“For the first, and lightest, third, I served a Krug 1995 Clos d’Ambonnay with light floral notes and a good fizz that really brought the aromas up. As the cigar became more personal and heavy, with notes of grass, coffee and cacao, I served a Château Margaux 1982, full of complexity and viscosity, with the body of aged red berries. For the final third, when the cigar is very powerful, you need something to help you explore it in all its beauty – and a Macallan 1953 Single Cask, with its spiciness, citrus notes and marzipan finish, matched it perfectly.”
A little more modest, but just as popular with those in the know, is the Cosa at Ten Manchester Street Hotel. It’s regularly full of cigar-lovers enjoying the spoils of a shopping trip to the JJ Fox shop in Selfridges Wonder Rooms, where Cuban cigar expert Magali de la Cruz exerts her irrepressible charm and expertise.
And towards the end of 2011, we’re told to expect a new smoking den in Mayfair in the form of a club called 5 Hertford Street. Masterminded by Robin Birley, son of Annabel’s founder Mark Birley, it’s set to include a cigar shop fronting onto Shepherd’s Market, and a plush cigar terrace housed in an internal courtyard.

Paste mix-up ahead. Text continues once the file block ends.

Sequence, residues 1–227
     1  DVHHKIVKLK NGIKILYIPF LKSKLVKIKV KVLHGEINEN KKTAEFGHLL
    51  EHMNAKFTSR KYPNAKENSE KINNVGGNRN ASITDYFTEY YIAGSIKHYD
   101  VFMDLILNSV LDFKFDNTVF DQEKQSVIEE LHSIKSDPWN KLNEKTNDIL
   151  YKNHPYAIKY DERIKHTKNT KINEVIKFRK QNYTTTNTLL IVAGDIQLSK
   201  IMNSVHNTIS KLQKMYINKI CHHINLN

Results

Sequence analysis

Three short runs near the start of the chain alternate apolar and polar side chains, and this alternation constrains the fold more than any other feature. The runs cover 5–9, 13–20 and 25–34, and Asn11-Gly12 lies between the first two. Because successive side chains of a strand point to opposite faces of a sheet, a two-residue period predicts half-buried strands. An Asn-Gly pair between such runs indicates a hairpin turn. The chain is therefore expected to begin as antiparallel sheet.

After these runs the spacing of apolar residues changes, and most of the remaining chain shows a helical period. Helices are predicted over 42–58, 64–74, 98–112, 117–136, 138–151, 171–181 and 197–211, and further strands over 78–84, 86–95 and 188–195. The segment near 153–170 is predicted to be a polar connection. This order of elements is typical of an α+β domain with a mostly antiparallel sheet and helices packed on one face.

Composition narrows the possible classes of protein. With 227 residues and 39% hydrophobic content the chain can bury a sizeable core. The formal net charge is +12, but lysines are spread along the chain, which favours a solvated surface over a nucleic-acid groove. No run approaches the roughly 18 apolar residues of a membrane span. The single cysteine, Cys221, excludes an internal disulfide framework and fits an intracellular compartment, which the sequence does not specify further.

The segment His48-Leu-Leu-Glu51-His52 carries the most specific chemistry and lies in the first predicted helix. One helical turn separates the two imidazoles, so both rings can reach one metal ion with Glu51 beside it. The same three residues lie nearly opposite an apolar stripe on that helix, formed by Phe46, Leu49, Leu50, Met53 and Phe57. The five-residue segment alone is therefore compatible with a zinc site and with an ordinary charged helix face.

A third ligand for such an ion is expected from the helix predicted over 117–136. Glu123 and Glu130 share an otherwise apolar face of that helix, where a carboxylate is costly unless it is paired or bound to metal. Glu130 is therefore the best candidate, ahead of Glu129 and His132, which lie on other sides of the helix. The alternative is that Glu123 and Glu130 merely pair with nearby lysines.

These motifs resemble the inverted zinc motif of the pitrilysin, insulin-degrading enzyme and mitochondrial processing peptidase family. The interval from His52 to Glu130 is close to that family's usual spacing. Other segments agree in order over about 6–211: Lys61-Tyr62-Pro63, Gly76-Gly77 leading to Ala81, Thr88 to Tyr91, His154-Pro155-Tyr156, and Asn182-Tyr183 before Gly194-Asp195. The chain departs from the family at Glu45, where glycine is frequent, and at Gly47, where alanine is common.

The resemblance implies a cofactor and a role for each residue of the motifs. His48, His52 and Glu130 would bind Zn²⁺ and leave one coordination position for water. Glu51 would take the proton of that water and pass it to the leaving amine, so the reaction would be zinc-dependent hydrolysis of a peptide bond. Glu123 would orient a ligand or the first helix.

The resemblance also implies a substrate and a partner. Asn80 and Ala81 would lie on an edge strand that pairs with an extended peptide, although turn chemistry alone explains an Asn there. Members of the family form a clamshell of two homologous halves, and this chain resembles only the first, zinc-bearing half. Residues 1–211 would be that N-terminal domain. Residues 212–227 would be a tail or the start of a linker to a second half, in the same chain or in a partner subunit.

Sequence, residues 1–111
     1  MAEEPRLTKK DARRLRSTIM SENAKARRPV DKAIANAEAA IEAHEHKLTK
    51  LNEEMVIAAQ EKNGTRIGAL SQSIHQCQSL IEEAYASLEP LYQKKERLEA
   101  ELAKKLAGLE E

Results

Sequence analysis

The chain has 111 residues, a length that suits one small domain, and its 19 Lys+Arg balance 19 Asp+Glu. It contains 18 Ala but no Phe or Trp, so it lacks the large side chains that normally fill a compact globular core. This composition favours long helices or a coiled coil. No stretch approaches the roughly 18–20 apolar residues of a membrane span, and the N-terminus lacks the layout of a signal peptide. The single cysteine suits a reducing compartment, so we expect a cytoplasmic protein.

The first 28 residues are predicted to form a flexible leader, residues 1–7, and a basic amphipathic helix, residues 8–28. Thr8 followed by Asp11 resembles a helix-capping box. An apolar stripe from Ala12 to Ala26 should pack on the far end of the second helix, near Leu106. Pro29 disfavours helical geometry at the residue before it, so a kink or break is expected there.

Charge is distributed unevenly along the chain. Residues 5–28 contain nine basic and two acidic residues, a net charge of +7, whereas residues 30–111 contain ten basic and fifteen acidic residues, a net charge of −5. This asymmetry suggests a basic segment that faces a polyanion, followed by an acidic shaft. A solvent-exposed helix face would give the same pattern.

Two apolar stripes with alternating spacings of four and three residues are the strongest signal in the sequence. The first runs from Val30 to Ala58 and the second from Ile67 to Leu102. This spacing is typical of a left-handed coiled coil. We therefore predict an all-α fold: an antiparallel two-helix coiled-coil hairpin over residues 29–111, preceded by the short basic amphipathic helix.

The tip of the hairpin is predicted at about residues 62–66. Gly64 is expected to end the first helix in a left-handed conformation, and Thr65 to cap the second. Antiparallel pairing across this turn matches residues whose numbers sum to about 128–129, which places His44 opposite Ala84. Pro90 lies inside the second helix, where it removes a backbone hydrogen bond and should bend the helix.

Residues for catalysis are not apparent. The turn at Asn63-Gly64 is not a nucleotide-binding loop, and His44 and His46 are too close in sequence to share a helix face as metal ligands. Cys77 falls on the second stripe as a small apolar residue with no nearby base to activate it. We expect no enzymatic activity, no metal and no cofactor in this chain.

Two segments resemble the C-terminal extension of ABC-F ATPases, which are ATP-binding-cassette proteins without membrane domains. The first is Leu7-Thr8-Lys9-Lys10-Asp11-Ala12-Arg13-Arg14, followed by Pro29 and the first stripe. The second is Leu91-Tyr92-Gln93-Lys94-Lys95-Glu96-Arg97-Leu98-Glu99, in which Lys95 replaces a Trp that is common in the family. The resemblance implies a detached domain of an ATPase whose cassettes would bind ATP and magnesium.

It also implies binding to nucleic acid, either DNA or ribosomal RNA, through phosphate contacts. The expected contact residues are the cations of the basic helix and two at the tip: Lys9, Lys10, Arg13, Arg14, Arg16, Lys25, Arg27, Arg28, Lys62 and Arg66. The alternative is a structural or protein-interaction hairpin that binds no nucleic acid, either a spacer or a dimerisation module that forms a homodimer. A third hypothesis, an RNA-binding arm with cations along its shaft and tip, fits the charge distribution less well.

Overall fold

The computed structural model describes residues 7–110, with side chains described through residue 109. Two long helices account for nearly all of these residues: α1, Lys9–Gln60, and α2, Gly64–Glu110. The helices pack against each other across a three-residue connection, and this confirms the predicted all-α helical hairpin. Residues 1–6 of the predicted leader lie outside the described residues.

The ban, it seems, has done little to extinguish the capital’s love of cigars. On the contrary, says Simon Chase, “London has always had a special place in the cigar firmament, so maintaining that tradition after the ban has been challenging, but it’s now really coming back. There is a return of a thirst for knowledge combined with a surge of political incorrectness – a sense of ‘I’m jolly well going to show them!’”